Laura: That’s amazing. I have lots of questions about that. So, I’m going to dive into that and then go back to the questions we actually said we would talk about, but I guess just in terms of the Safety Culture kind of journey, I think one of the big things that keep coming out when we’re talking to people is people want to hear more about that.

So how do you take something from 70 people to, you know, a huge scale-up and what does that journey look like? I’d love to hear just about, a bit about your experience there and I guess how it changed over those two years.

Cloë: Yeah, I had, an incredible experience. I felt like it was almost like a different company every six months.

Now, I’d been in-agency for four years, predominantly recruiting software engineers into the Australian market and then I met Nick Ingall, who was just moving there to be their Head of People and Culture at the time. So, when we got chatting and he’s like, it’s this small tech company they do auditing within the workplace, health and safety.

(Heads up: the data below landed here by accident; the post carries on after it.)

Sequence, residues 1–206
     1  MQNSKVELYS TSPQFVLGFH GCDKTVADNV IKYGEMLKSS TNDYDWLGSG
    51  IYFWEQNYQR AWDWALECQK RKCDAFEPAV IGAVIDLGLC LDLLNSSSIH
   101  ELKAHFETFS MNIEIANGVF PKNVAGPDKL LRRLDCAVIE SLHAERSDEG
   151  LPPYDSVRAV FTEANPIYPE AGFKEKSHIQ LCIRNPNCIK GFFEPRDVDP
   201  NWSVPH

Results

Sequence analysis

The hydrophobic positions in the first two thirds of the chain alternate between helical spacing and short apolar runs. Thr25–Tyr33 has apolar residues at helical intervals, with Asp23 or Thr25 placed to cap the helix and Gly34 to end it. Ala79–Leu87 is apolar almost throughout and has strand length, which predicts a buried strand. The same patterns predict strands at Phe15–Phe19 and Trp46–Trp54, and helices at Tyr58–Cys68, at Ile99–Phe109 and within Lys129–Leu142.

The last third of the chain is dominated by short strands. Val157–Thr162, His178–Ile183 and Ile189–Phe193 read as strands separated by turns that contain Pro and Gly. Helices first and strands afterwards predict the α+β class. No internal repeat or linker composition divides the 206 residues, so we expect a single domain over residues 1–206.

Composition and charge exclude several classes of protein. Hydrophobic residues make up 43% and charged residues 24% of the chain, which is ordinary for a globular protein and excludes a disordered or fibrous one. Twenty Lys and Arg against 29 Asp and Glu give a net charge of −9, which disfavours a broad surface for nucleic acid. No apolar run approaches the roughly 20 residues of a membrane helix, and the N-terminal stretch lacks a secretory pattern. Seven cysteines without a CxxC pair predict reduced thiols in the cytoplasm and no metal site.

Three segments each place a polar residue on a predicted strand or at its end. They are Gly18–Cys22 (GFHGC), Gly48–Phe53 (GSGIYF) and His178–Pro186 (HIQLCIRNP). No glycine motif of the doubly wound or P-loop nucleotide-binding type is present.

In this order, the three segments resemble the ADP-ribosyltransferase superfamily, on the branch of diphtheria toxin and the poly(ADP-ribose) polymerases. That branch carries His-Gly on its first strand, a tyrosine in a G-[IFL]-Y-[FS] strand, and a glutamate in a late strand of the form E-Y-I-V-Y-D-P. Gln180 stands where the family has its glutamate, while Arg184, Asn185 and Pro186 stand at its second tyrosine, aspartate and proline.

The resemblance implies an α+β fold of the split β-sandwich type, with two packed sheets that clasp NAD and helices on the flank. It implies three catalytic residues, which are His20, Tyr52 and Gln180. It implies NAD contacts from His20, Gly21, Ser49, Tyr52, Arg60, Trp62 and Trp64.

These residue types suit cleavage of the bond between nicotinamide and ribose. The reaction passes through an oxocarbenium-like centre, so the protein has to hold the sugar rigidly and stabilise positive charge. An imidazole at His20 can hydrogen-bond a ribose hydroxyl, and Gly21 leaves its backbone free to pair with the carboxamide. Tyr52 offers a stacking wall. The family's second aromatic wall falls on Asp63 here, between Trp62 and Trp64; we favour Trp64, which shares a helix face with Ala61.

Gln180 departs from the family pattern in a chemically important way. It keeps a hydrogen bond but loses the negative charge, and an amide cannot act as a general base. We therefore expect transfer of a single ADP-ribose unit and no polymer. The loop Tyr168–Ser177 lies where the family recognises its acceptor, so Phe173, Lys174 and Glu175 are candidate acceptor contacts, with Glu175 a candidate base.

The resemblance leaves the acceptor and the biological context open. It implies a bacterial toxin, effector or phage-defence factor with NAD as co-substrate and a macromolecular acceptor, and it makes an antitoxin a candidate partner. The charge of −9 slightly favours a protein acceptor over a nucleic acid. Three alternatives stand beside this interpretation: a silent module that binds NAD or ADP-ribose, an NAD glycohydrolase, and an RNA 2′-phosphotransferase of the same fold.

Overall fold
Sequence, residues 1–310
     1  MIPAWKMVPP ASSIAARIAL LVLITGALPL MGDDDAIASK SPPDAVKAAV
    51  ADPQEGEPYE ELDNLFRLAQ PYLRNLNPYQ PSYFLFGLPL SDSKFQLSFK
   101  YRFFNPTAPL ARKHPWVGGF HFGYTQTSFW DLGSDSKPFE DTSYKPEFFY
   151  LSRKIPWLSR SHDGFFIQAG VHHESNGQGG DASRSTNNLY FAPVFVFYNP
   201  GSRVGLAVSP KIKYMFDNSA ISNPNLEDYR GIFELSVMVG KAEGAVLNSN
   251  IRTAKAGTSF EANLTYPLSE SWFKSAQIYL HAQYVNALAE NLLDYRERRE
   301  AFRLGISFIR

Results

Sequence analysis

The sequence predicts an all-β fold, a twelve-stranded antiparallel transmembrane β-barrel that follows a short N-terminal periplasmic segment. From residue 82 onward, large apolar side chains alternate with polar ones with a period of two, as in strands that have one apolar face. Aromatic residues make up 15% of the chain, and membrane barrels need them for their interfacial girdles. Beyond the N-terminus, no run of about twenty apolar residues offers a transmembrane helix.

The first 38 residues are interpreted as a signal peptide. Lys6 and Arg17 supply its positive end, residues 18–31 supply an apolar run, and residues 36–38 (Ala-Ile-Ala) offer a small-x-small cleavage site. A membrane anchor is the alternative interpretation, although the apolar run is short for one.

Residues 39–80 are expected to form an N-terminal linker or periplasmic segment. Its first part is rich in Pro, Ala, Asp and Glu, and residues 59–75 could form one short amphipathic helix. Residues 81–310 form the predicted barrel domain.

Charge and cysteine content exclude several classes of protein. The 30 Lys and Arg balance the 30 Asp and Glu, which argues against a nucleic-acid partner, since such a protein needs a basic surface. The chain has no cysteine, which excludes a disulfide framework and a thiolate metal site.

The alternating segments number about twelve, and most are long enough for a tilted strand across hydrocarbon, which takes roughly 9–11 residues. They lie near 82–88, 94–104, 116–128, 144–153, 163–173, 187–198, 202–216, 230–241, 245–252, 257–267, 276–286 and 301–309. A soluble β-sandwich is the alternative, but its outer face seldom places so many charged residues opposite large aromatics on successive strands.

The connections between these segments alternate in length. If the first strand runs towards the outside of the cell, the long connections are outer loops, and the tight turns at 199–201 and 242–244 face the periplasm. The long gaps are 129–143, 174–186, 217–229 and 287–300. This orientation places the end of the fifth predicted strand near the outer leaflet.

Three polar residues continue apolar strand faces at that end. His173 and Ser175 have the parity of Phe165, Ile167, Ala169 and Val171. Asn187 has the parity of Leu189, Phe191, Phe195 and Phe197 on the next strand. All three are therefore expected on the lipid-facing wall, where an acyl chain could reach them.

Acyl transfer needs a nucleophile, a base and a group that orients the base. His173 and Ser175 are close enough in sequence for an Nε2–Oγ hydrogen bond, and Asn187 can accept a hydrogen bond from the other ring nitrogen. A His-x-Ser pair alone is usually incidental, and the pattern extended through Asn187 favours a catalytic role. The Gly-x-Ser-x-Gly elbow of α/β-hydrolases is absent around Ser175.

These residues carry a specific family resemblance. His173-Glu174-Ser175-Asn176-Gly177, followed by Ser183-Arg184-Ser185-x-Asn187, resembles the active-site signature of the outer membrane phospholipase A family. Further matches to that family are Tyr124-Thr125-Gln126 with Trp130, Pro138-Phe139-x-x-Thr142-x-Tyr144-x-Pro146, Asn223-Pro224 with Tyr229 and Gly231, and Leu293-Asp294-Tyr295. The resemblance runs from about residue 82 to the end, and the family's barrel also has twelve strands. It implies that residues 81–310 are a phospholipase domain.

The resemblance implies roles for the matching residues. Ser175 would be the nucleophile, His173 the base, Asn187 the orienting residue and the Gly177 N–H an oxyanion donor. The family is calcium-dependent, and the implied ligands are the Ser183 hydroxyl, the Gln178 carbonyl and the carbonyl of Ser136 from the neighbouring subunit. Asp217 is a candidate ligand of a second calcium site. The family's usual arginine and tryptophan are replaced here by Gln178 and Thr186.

I was like, wow, that does not sound sexy at all. As he started explaining it in more detail. We both got really passionate and excited about it. So, when I started, I literally didn’t have a clue. Nick decided to take a two-week holiday for my first two weeks in the company. My first day, I was sat beside Simon, he’s also one of the Co-Founders of The Lab 17 and I was literally just absolutely clueless. So, I think in the first couple of weeks, I just got my head down apart from just talking to the Head of Engineering at the time and I was like, ‘So what am I here to hire?’ He’s like, ‘I need engineers’, ‘Front-end? back-end?’, he’s like, ‘Everyone, we’ve no engineers, we’ve got like a team of 10 engineers’. He’s like, ‘I want a hundred by the end of the year’, I was like, ‘Cool, cool, cool’. Like, that’s a bit of a mission, but like, let’s do it.